Using Natural Language Processing for Precise Geotagging

Voyager’s geotagging capabilities allow administrators to associate non-spatial data, such as Word documents or photos, with geographic locations. Once geotagged, that data can be linked to spatial data and is available in location-based searches. Geotagging provides a great tool for organizations that use spatial data. Here at Voyager Search, we’ve made geotagging even more accurate by incorporating some Artificial Intelligence (AI) into the process.

To do this, we employ Natural Language Processing (NLP), a subset of AI. NLP is the science of teaching computers to understand human interaction and the nuances of language and it is the tool that we’ll use for more precise geotagging.

When geotagging text, it’s possible to tag false positives and have geographical points assigned to a document when they don’t truly apply.

As an example, let’s index the Wikipedia page about the actress Olympia Dukakis.

We want to geotag this content, but we don’t want the city of Olympia, Washington to be used to geotag the records.

This is where NLP comes into play. It provides a powerful mechanism for making geotagging more precise by using more information to find results, including content, context and syntax. This gives a more refined picture than using text content alone.

When we run the NLP Extension on this Wikipedia content, it brings back a few different categories, including location-specific ones, but Olympia is only mentioned as a person, not as a location. The results are shown below.

To better see NLP in action, let’s create two pipelines. One pipeline will do geotagging on the text content of the document. The other will first complete entity extraction, which is the process of pulling out key terms that can group related items together, with NLP and then run geotagging on the location-specific results of our entity extraction.

The first pipeline:

The second pipeline, which performs entity extraction prior to geotagging, and uses the “nlp_place” field for the geotagged content:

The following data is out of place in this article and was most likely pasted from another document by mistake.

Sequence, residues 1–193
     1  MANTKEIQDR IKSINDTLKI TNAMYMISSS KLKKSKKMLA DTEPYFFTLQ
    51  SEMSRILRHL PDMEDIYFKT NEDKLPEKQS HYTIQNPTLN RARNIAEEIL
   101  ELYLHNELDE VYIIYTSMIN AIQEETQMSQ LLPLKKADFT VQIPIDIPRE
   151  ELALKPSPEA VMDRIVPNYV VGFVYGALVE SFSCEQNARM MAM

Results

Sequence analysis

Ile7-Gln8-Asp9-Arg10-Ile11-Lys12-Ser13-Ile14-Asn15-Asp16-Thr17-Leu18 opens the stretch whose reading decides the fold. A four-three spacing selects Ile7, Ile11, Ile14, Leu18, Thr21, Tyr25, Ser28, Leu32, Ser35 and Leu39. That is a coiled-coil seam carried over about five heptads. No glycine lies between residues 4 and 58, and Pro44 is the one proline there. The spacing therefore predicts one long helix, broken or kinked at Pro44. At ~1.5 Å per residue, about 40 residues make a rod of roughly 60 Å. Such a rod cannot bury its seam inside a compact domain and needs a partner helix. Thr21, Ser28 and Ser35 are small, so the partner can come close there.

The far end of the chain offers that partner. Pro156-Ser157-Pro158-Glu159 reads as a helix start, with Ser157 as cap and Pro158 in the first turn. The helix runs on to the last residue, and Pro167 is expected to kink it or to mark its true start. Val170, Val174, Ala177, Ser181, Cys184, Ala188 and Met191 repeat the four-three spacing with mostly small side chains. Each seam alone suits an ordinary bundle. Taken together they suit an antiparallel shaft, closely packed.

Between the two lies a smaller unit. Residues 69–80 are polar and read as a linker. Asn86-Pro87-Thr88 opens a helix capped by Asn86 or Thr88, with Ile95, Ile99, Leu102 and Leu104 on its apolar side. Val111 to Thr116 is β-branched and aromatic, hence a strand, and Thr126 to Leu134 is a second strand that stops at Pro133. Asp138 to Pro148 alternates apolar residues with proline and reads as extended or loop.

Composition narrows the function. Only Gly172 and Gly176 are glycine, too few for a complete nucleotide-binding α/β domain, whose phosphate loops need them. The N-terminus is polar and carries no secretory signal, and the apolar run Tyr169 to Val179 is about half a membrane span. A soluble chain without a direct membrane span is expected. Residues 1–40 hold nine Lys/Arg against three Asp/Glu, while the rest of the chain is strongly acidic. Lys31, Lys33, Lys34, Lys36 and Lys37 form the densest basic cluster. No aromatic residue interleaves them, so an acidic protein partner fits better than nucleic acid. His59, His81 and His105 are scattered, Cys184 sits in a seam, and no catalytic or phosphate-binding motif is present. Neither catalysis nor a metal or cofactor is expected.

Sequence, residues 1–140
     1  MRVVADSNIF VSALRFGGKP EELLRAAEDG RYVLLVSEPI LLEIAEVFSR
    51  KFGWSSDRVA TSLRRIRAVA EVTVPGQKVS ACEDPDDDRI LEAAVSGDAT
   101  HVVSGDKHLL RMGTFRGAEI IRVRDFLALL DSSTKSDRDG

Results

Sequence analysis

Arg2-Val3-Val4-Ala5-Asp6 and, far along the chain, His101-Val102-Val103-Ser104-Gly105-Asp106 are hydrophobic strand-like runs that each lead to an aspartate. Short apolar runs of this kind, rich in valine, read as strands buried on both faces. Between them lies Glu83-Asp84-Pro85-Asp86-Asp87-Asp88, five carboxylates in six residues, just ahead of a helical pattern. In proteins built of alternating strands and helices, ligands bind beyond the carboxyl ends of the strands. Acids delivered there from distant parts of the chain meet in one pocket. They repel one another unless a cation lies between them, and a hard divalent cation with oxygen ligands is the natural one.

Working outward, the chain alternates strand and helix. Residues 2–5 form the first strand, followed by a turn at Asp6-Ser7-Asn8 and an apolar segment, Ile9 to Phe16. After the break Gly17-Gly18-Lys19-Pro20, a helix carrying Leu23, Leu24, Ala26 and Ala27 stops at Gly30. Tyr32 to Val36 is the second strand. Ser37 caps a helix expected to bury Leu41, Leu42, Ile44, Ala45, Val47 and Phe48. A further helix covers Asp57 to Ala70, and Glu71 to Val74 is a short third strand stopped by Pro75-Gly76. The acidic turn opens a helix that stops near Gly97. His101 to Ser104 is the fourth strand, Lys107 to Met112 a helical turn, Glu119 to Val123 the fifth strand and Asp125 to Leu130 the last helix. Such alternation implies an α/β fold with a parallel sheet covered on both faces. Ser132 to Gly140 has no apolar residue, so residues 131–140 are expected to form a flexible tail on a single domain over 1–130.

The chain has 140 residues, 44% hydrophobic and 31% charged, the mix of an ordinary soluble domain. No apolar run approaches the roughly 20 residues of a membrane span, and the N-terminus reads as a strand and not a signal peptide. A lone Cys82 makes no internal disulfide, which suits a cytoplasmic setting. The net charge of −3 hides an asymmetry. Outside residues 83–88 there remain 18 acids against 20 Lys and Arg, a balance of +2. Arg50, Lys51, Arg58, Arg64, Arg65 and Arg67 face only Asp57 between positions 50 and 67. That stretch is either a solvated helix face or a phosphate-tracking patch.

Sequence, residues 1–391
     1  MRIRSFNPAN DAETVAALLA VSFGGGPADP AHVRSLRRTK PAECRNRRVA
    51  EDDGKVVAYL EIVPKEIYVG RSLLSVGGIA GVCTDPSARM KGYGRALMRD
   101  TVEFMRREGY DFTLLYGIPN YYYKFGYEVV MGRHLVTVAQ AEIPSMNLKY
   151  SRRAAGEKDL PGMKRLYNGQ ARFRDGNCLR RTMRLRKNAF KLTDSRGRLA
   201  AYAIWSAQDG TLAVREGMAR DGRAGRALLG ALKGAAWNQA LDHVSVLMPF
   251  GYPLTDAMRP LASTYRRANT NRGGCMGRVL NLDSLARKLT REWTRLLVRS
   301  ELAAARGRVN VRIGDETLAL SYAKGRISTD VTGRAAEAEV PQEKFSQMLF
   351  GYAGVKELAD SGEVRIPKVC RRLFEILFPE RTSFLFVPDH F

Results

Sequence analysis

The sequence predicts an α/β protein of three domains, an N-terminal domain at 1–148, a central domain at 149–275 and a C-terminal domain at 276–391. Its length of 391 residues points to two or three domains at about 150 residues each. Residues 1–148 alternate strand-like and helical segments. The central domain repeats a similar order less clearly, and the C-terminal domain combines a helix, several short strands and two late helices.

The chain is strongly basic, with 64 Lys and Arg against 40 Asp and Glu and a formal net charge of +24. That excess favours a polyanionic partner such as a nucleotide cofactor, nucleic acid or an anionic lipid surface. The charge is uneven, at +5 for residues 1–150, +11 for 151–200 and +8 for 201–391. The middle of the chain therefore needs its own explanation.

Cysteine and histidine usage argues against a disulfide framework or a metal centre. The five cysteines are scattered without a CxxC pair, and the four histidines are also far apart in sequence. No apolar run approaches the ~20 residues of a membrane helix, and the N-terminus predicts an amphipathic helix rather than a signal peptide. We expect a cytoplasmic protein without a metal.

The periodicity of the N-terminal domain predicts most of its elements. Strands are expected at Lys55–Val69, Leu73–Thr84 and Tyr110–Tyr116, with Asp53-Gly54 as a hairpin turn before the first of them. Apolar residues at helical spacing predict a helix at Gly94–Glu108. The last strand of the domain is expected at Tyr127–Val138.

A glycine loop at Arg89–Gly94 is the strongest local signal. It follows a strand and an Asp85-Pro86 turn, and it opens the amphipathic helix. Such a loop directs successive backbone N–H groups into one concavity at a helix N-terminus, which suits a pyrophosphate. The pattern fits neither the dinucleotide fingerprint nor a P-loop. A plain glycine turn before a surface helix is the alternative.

Now, we create two locations with both pointing to a copy of the .pdf created from the wikipedia page. The first location will use the first pipeline and the second location will use the second pipeline.

After indexing both locations, we have two documents to compare. The documents are exactly the same, but the output is not.

For the document that has had standard geotagging applied without NLP extraction to identify the locations, the geotagged output looks like this:

When we compare that to the item that had entity extraction run to identify the locations mentioned in the article, and used those locations for geotagging, we get a much more precise geotagging result:

If we take a closer look at the text, we can see a mention of 3 film festivals:

  • 2018 Toronto Shorts International Film Festival- Winner "Best Drama"
  • 2018 Yorkton Film Festival – Nominee "Golden Sheaf Award"
  • 2018 Montreal Greek Film Festival – Official Selection

When we use geotagging without NLP, Toronto, Yorkton, and Montreal are all geotagged and represented on the map. However, when we use NLP first, these are not considered locations so are not geotagged. Instead, these 3 entries were identified as events and are now available as filters which we can use for faceting results.

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